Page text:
Devin Townsend Project – Transcendence – Album Review

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Artist: Devin Townsend Project

Album Title: Transcendence

Label: InsideOut Music

Date of Release: 9 September 2016

Like many I’m sure, Mr Devin Townsend came into my life around 1997. It was a subtle introduction via the laid back and soothing sounds created under the moniker of Strapping Young Lad and their opus ‘City’. I found myself blown away both metaphorically and literally by an album that demonstrated the brutality and aggression of a hungry bear that had just been poked with a stick. In fact, I’d go so far as to say that, at the time, this was the heaviest thing I’d ever heard. It’s still up there now, nearly 20 years later.

In the intervening period, Devin has worked as hard as anyone in the music industry, if not harder. The discography is huge with albums appearing left, right and centre over the years. Prolific therefore he may be, but crucially, the quality has always remained of the highest standard. Never settling for second best, Devin would appear to be his own worst critic and some might utter the word ‘genius’ too. I could never profess to like everything Devin has released equally, but that’s just down to personal taste rather than calling into question the quality. Bad music and Devin Townsend are two entities that never meet.

One of the most interesting factors around Devin Townsend above all else, is his willingness to experiment and go in directions where his inspiration takes him. Beginning as an out-and-out metal head with Strapping Young Lad, he has gone on record to say that his tastes have changed over time, even suggesting that the metal genre had an effect of him personally that he wasn’t happy with. The upshot was a sequence of releases that were far removed from the early heavy days, instead exploring more ambient and chilled sounds. In my opinion, ‘Ghost’ is one of the best recordings of his career.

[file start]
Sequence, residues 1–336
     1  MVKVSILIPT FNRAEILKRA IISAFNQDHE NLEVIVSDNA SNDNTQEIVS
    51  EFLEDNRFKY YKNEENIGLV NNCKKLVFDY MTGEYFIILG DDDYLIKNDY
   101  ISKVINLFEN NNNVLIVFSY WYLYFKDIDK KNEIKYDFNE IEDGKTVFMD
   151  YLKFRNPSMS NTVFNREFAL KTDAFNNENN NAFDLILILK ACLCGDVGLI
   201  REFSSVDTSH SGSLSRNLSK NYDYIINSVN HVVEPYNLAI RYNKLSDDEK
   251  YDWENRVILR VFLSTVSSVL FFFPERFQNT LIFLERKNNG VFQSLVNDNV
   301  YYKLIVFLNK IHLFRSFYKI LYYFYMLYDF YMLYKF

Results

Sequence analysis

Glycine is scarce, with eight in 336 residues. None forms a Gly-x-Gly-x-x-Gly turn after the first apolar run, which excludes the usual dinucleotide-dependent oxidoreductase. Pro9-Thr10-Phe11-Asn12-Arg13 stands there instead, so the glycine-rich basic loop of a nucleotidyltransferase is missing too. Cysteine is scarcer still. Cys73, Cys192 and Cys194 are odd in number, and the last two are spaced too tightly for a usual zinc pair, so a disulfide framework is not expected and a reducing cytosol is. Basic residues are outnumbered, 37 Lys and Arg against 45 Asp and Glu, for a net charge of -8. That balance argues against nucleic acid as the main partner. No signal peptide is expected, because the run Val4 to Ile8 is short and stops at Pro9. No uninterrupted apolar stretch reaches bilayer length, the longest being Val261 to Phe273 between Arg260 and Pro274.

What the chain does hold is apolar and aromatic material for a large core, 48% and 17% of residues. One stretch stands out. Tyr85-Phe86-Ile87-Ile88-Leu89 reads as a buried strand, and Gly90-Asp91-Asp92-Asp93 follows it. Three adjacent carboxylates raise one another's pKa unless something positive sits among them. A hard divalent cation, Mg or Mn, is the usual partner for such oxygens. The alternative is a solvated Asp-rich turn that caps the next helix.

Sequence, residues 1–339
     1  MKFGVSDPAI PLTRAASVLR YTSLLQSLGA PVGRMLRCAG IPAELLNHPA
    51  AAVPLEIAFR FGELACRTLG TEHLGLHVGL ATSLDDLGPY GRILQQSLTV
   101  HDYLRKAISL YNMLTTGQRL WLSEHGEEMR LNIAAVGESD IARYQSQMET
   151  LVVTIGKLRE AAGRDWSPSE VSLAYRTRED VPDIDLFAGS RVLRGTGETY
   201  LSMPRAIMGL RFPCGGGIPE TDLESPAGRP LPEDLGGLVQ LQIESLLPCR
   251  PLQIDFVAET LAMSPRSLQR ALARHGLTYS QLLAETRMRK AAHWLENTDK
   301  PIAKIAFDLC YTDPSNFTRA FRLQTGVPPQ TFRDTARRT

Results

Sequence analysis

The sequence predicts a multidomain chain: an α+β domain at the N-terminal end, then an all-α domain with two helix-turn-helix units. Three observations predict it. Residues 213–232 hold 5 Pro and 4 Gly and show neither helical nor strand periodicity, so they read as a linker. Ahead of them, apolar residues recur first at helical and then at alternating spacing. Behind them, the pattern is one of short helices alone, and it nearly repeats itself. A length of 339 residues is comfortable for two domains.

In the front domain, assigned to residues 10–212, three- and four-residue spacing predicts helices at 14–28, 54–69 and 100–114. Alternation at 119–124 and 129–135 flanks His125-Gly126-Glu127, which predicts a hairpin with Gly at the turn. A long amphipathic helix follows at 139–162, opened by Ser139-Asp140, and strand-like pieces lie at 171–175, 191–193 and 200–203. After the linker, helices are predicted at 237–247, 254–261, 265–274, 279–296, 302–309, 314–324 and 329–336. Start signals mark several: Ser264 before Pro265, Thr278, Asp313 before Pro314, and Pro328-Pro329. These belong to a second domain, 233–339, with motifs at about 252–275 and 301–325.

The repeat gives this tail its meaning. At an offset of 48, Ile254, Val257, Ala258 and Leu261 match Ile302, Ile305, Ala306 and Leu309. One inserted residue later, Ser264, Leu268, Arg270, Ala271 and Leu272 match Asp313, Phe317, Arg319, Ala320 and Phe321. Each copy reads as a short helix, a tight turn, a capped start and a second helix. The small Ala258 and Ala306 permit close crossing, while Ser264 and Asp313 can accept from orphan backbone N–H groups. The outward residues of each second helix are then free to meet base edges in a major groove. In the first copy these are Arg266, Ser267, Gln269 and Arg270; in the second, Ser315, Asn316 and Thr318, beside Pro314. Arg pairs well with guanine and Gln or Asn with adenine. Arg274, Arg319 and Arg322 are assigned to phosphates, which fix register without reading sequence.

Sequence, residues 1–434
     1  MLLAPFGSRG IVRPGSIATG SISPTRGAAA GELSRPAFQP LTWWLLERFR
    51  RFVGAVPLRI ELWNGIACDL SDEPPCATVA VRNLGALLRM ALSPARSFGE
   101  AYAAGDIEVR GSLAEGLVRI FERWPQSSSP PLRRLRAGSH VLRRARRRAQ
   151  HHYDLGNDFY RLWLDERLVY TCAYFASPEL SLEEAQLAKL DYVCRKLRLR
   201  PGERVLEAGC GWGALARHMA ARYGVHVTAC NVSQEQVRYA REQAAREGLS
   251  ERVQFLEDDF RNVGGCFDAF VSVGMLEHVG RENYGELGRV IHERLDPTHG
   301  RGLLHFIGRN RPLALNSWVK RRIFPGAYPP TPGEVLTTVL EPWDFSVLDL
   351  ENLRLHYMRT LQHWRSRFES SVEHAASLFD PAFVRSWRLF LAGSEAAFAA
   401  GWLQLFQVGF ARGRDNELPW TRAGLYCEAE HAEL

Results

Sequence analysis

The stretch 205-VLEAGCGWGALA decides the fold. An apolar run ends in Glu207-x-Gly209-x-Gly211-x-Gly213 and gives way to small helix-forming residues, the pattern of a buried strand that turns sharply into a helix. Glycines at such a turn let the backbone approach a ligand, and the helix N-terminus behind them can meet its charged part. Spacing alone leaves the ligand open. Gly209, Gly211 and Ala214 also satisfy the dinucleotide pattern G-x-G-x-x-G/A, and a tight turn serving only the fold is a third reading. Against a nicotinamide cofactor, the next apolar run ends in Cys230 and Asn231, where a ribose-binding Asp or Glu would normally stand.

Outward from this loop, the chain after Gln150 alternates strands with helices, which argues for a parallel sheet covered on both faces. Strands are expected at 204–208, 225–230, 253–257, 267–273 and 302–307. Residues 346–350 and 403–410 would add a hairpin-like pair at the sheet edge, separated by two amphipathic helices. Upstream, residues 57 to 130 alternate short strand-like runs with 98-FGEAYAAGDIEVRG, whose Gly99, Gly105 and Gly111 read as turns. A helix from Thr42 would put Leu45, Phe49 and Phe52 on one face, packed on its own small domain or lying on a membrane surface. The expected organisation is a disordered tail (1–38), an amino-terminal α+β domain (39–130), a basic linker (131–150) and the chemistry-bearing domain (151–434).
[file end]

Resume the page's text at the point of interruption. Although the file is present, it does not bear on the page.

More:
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So what of ‘Transcendence’ then? It is certainly heavier than much of Devin’s more recent work, that’s for sure, but heaviness is only part of the story. You see, Devin has been gradually morphing his music in a certain direction and I believe that ‘Transcendence’ is the strongest and most engaging culmination of his personal vision to date.

With this record, Devin has managed to blend the metal elements with his more relaxed style of output almost seamlessly. What it means is that ‘Transcendence’ is one of the smoothest, uplifting and oft-times euphoric-sounding heavy metal albums I’ve ever heard. Very few other artists are able to create music that immediately sounds so epic, all-encompassing and downright serene. It’s crazy.

As before, the Devin Townsend Project is ostensibly a solo project but is ably assisted by a cast of talented musicians. The ‘project’ is comprised of drummer Ryan Van Poederooyen, guitarist Dave Young, bassist Brian ‘Beav’ Waddell and keyboardist/programmer Mike St-Jean. And then there are the guest musicians, namely vocalists Anneke van Giersbergen, Che Aimee Dorval (Casualties Of Cool), Katrina Natale as well as Mattias Eklund (ambience) and Niels Bye Neilsen (orchestration). If that wasn’t enough, there’s also a five-piece choir by the name of Tigers In A Tank. However, at no time to these guests dominate proceedings; instead, they simply enhance the material and add extra colour to the already vibrant pallet by doing what they each do best.

Those already familiar with Devin’s work will instantly recognise the unmistakeable reverb-heavy guitar tones that are used to open up the album via ‘Truth’. That highly melodious and welcoming sound segues into a monster riff backed up by a thunderous rhythm section before choral vocals and huge synth effects add that epic and grandiose sheen to the composition. It is also suitably quirky and catchy whilst offering echoes to the SYL days via the uncompromising guitars and wonderfully powerful vocals that verge on those famous screams from Devin. The ending then has a kind of gospel church feeling as the foot is taken off the pedal.